Army Spc. Kevin J. Graham

Army Spc. Kevin J. Graham

Died September 26, 2009 serving during Operation Enduring Freedom

27, of Benton, Ky.; assigned to the 1st Battalion, 17th Infantry Regiment, 5th Stryker Brigade Combat Team, 2nd Infantry Division, Fort Lewis, Wash.; died Sept. 26 in Kandahar, Afghanistan, of wounds suffered when insurgents attacked his vehicle with an IED.

Pastor says soldier loved serving country
The Associated Press

BENTON, Ky. — A western Kentucky pastor says a soldier who died when a roadside bomb hit his vehicle in Afghanistan believed he was doing his life’s work in the Army. The Rev. Jonathan Goodman told The Paducah Sun that 27-year-old Spc. Kevin J. Graham of Benton was honored to serve his country. Graham died Sept. 26 in Kandahar of wounds suffered in the attack by insurgents. He was assigned to the 1st Battalion, 17th Infantry Regiment, 5th Stryker Brigade Combat Team, 2nd Infantry Division, Fort Lewis, Wash. Goodman says Graham joined the Army in 2007, was married in Washington and had a stepson. The pastor says Graham’s parents brought reports of their son to church often and that members of the church would pray for him. The newspaper said Graham’s parents, Dan and Sandy Graham, live near Fairdealing and were at Dover Air Force Base, Del., on Sept. 28 when their son’s body was returned to the United States. Graham has three older brothers.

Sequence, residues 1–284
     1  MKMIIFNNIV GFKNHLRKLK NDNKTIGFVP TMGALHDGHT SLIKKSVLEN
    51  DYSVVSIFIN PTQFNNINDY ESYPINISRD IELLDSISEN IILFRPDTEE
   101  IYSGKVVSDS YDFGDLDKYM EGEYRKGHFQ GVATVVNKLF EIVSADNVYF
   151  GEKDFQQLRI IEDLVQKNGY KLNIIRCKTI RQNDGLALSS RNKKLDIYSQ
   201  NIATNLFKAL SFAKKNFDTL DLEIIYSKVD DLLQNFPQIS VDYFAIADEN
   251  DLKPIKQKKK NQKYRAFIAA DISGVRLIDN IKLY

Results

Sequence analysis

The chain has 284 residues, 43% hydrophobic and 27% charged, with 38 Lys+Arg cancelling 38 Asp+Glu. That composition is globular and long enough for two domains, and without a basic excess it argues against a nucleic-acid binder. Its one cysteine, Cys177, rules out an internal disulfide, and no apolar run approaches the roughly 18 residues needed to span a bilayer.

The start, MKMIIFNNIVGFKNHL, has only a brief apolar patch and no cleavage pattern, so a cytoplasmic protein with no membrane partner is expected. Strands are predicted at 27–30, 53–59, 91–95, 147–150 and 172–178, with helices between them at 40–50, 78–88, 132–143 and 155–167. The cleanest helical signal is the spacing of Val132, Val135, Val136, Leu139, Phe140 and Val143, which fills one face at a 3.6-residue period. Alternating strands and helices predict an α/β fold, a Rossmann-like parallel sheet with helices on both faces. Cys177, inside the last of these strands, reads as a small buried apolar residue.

Had always wanted to join Army
The Associated Press

Kevin Graham loved muscle cars. It started when he rebuilt a 1939 with his dad and brother, and culminated in his prized vehicle: A 1965 Pontiac Le Mans. “He loved to drive that thing,” said Graham’s brother, Sean Graham. “That was his pride and joy. He was always working on that thing, always driving and washing it.” Graham, 27, of Benton, Ky., was killed Sept. 26 when the vehicle in which he was riding hit a roadside bomb in Afghanistan. He was assigned to Fort Lewis, Wash. Sean Graham said his brother always wanted to be a soldier, dressing up in Army gear, playing Army games and eagerly listening to stories of World War II and Vietnam. He enlisted in 2007. “He had always been that way, and I fully supported his decision to go into the Army,” Sean Graham said. “It took a while for him to make that decision. When he did, I was so proud of him.” Jonathan Goodman, the pastor at Calvary Baptist Church in Benton, said Graham was proud to serve his country, noting that the congregation often prayed for him when his parents brought reports to the church. Graham is survived by his parents and three older brothers, including Sean.

Leave a Comment